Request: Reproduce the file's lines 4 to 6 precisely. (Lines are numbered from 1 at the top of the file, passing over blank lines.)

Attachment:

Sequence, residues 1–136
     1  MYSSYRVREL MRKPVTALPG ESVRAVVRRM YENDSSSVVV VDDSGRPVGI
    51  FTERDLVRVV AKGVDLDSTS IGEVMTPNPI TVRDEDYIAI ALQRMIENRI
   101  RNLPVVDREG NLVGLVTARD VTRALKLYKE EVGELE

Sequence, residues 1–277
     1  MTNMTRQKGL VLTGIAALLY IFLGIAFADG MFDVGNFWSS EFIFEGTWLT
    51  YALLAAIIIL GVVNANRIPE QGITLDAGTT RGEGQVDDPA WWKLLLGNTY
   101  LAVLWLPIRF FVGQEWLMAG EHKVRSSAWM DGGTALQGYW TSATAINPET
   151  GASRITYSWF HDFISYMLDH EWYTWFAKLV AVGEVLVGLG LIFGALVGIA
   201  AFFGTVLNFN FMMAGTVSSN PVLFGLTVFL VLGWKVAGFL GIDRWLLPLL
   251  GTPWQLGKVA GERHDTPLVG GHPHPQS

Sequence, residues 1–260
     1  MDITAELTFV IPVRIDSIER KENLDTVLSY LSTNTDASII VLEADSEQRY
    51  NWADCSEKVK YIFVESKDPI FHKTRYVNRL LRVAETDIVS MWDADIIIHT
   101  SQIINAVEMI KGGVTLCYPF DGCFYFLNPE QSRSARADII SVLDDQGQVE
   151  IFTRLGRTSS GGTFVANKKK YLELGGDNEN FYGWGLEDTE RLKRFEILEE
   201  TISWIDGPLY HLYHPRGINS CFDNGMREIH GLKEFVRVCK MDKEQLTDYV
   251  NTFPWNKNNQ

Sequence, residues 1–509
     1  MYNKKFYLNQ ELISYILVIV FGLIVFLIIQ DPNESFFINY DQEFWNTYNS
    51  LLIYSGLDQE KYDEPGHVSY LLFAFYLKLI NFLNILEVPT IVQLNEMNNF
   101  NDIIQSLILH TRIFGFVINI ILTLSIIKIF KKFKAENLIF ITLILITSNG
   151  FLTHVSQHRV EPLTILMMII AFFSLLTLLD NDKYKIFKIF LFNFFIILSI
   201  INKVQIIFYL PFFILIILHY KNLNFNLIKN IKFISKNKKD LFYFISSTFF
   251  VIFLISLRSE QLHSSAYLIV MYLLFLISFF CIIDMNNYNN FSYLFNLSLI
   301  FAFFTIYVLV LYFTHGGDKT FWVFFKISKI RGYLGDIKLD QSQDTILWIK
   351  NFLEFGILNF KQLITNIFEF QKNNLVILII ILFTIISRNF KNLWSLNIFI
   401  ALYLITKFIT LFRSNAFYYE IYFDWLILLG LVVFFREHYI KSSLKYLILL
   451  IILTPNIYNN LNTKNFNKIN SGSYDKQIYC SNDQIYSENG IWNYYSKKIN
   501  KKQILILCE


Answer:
   101  RNLPVVDREG NLVGLVTARD VTRALKLYKE EVGELE

Sequence, residues 1–277
     1  MTNMTRQKGL VLTGIAALLY IFLGIAFADG MFDVGNFWSS EFIFEGTWLT